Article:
Dostoevsky's Religion

Dostoevsky's Religion

Dostoevsky's Religion

Dostoevsky's Religion

Synopsis

Any reader of Dostoevsky is immediately struck by the importance of religion within the world of his fiction. That said, it is very difficult to locate a coherent set of religious beliefs within Dostoevsky's works, and to argue that the writer embraced these beliefs. This book provides a trenchant reassessment of his religion by showing how Dostoevsky used his writings as the vehicle for an intense probing of the nature of Christianity, of the individual meaning of belief and doubt, and of the problems of ethical behavior that arise from these questions. The author argues that religion represented for Dostoevsky a welter of conflicting views and stances, from philosophical idealism to nationalist messianism. The strength of this study lies in its recognition of the absence of a single religious prescription in Dostoevsky's works, as well as in its success in tracing the background of the ideas animating Dostoevsky's religious probing.

Excerpt

To judge from the past, there is a natural and powerful impulse to characterize the “religion” in Dostoevsky's writings as a set of beliefs (which we may list and describe) and then to attribute them all to the author, or to identify a subset that we may attribute to the author, or to state that the author repudiated all the beliefs we've listed. in any case, it always seems to boil down to the question, “What did Dostoevsky himself really believe?”

That's where the trouble begins. People who pose this question don't expect an answer like “Dostoevsky believed that all religion is essentially a product of our tendency to produce myths” or “Dostoevsky believed that religion serves a socializing function in human civilization.” They expect an answer like “Dostoevsky was a devout Christian and believed in personal immortality, ” or the opposite, “Dostoevsky was a tried-and-true atheist and did not believe in much of anything at all.” If they decide that he was a religious (specifically Christian) person and not an atheist, they expect further details about what, in his view, good Christians should believe and how they should behave. They expect, in short, a kind of theology and corresponding guide to living that represents “what Dostoevsky believed.”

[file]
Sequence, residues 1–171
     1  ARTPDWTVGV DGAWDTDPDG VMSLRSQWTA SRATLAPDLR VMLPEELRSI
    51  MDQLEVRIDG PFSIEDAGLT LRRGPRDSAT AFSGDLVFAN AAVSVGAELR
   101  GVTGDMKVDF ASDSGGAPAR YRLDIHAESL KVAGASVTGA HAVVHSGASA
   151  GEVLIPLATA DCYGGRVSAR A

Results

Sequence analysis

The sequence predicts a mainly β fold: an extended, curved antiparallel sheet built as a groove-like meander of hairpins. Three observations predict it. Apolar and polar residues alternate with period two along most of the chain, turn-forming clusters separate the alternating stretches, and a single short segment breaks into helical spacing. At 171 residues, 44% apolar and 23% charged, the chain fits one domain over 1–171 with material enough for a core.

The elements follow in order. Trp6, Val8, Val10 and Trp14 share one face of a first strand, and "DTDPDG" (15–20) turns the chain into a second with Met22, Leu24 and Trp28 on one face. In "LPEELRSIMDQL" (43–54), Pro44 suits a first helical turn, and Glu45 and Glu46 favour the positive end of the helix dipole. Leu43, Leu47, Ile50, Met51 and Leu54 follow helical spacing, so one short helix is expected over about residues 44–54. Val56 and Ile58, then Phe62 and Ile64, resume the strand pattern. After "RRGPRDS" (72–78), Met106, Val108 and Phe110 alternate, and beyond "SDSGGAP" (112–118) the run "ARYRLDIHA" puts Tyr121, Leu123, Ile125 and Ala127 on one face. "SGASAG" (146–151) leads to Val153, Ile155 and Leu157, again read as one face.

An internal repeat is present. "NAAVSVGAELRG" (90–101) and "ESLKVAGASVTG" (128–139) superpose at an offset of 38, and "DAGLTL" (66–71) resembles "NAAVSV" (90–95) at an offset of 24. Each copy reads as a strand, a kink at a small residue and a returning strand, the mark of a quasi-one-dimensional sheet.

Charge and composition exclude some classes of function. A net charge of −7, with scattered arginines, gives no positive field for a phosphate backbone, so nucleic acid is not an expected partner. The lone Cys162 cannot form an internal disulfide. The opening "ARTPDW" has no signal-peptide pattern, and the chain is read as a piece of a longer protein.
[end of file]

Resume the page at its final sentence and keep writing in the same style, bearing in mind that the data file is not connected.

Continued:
There are two problems with this approach. the first is that even if we do wish to know (and think it's important to know) what Dostoevsky believed when it came to religion, we'll quickly be disappointed to find he “believed” a welter of diverse ideas that, taken as a whole, are shot through with flagrant contradictions and inconsistencies. Readers of Dostoevsky who declare, for example, that their novelist embraced and promoted a kind of nationalist Russian Orthodox Christianity are telling the truth—it's easy to find passages to support this claim—but they're overlooking the passages where he ridicules this type of belief. Those who declare that Dostoevsky was a sworn enemy of socialism, seen as the antithesis of “his” Christianity, are telling the truth, too—it's easy to find passages to support this claim—but they forget the . . .

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